The UCB-MSCs were infected by the LIGHT-packaged lentivirus or pGF-FU-GFP empty vector packaged lentivirus, with the untreated UCB-MSCs serving as a negative control. Similar to the phenotypic characterization of UCB-MSCs described in previous studies [22], we found that the UCB-MSCs had high expression levels of CD44, CD105, CD29, and CD90, and no expression of CD38, CD117, CD45, and CD34 (Fig. 2). The MOI was 10 when the infection rate reached 80 %. The expression of LIGHT in the UCB-MSCs was checked by fluorescence microscopy. The green signals were detected both in the LIGHT-packaged lentivirus-treated group (Fig. 3a) and in the empty vector packaged lentivirus-treated group (Fig. 3b), with no green signals in the negative control group of untreated UCB-MSCs (Fig. 3c), which grew well, as shown under a light microscope (Fig. 3d). UCB-MSCs were transfected with the LIGHT gene in the second passage. After 5–6 passages, UCB-MSCs would have the capacity of differentiation. Every passage is about 4–5 days. GFP could be observed 20–30 days after transfection.
Fig. 2

The expression of surface antigens on GM umbilical cord blood mesenchymal stem cells (UCB-MSCs) detected by flow cytometry. GM UCB-MSCs were immunolabeled with a specific monoclonal antibody for the indicated surface antigen, and showed high expression levels of CD44 (65.23 %), CD105 (94.71 %), CD29 (95.43 %), and CD90 (99.10 %) (CD44+CD105+CD29+CD90+), and no expression of CD38 (0.30 %), CD117 (0.17 %), CD45 (1.25 %), and CD34 (0.51 %) (CD38CD117CD45CD34). PE phycoerythrin, FITC fluorescein isothiocyanate, FL1-H FL1 detection channel-H

Fig. 3

LIGHT expression in UCB-MSCs in vitro. a LIGHT-GFP expression in UCB-MSCs detected by fluorescence microscopy (×200). b GFP expression in UCB-MSC (×200). c Untreated UCB-MSC (×200). d Untreated UCB-MSC under light microscope (×200). e LIGHT protein tested by enzyme-linked immunosorbent assay (ELISA), **p < 0.01. f LIGHT detection by western blotting. Lane M protein marker, lane 1 GFP protein, lane 2 no GFP protein expression in untreated UCB-MSC, lane 3 LIGHT-GFP proteins at 55 kD

The expression level of LIGHT was further checked by ELISA and western blotting. The results of the ELISA showed that the LIGHT protein concentration in the UCB-MSC-LIGHT group (1.79 ± 0.34 ng/ml) was obviously higher than that in the UCB-MSC-GFP group (0.74 ± 0.21 ng/ml) or the UCB-MSC group (0.75 ± 0.11 ng/ml), with a significant difference, p < 0.001 (Fig. 3e). In addition, a GFP-LIGHT band with molecular weight 55 kD was detected by western blotting in the UCB-MSC-LIGHT group, and a GFP band (29 kD) was observed in the UCB-MSC-GFP group, while no band existed in the UCB-MSC control group (Fig. 3f). All these data suggested the UCB-MSCs were successfully infected by the LIGHT-packaged lentivirus and were able to efficiently express the LIGHT protein.

To evaluate the effect of the transfected LIGHT on the viability of UCB-MSCs, we determined the cell death rate by examining propidine iodide (PI) and Annexin V staining at 24 and 48 h after transfection. No significant difference was observed among the UCB-MSC, UCB-MSC-GFP, and UCB-MSC-LIGHT groups (p > 0.05) (Fig. 4).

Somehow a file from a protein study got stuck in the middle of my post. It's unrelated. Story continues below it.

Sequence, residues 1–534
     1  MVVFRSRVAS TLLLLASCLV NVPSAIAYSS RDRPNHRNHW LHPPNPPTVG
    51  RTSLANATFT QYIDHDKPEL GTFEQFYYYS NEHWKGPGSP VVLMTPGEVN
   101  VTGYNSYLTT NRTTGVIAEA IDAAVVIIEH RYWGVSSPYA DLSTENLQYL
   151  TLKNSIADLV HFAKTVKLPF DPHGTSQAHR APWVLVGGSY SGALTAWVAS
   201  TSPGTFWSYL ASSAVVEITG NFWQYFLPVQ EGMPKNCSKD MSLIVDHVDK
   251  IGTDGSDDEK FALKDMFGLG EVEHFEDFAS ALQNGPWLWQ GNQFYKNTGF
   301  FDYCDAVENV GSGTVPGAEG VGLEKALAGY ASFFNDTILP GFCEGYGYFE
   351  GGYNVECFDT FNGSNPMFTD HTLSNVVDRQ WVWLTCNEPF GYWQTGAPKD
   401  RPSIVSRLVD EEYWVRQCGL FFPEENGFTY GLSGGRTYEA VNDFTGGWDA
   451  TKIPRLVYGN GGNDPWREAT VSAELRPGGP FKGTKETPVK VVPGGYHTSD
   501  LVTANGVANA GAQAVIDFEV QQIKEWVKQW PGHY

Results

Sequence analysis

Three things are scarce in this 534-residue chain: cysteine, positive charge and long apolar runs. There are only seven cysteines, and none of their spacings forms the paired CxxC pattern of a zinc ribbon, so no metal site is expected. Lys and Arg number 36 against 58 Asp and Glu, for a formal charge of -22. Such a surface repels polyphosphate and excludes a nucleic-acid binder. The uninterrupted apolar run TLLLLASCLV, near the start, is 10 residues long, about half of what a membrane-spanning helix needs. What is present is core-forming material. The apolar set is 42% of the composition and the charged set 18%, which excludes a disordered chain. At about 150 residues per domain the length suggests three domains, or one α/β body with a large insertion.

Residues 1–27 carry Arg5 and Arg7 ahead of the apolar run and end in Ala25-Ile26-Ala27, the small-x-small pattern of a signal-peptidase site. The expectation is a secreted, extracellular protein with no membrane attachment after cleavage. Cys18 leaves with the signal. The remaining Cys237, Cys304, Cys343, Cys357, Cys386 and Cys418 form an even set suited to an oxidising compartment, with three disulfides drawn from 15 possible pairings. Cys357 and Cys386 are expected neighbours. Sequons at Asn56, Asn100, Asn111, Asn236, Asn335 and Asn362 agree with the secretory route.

Fig. 4

Flow cytometric analysis for cell viability by PI propidine iodide and Annexin V staining. Upperimages flow cytometric analysis of cell viability for UCB-MSC-LIGHT, UCB-MSC-GFP, and UCB-MSC at 24 h after transfection. Lowerimage comparison of cell death rate among the three groups

Antitumor effect of UCB-MSC-LIGHT in gastric cancer models

The gastric cancer models were injected with LIGHT or GFP expressed UCB-MSCs, with NaCl injection as a negative control. After treatment for 14 days, the volumes and weights of tumor tissues were measured (Table 1). The results showed that the average volumes of the tumors in the MSC-LIGHT-treated group, MSC-treated group, and NaCl group were 1.27 ± 0.19, 1.88 ± 0.21, and 2.27 ± 0.23 cm3, respectively (Fig. 5a–d), with significant differences among the three groups (p < 0.001). In addition, the tumor suppression rates in these three groups were calculated. The results showed that the tumor inhibition rates in the MSC-LIGHT-treated group and the MSC-treated group, compared with the NaCl group, were 48.01 and 37.60 %, respectively. In order to confirm that the tumor inhibition effect was caused by the increased LIGHT expression in the tumor tissues, we performed RT-PCR to measure the mRNA expression levels of LIGHT in the tumor tissues. The results demonstrated that the mRNA levels of LIGHT in the UCB-MSC-LIGHT-treated group (2.96 ± 0.27) were higher than those in the NaCl negative control group (0.73 ± 0.10) and the UCB-MSC-treated group (0.88 ± 0.37), with a significant difference (p < 0.001, Fig. 6a, b). Furthermore, the mRNA level in the UCB-MSC-LIGHT-treated group was significantly higher than that in the UCB-MSC-treated group. We also used an ELISA to test the protein expression level of LIGHT. The results showed that LIGHT expression was obviously increased in the UCB-MSC-LIGHT-treated group (167.89 ± 2.31) compared with that in the MSC and NaCl groups (73.22 ± 5.74, 49.66 ± 5.25), with p < 0.001 (Fig. 6c). UCB-MSCs labeled with the fluorescent dye superparamagnetic iron oxide-1,1’-dioctadecyl-3,3,3’,3’-tetramethylindocarbocyanine perchlorate SP-DiI (Biotium, Hayward, CA, USA), were observed distributing in the transplanted tumors (Fig. 7), indicating that UCB-MSCs have a tropism for tumors.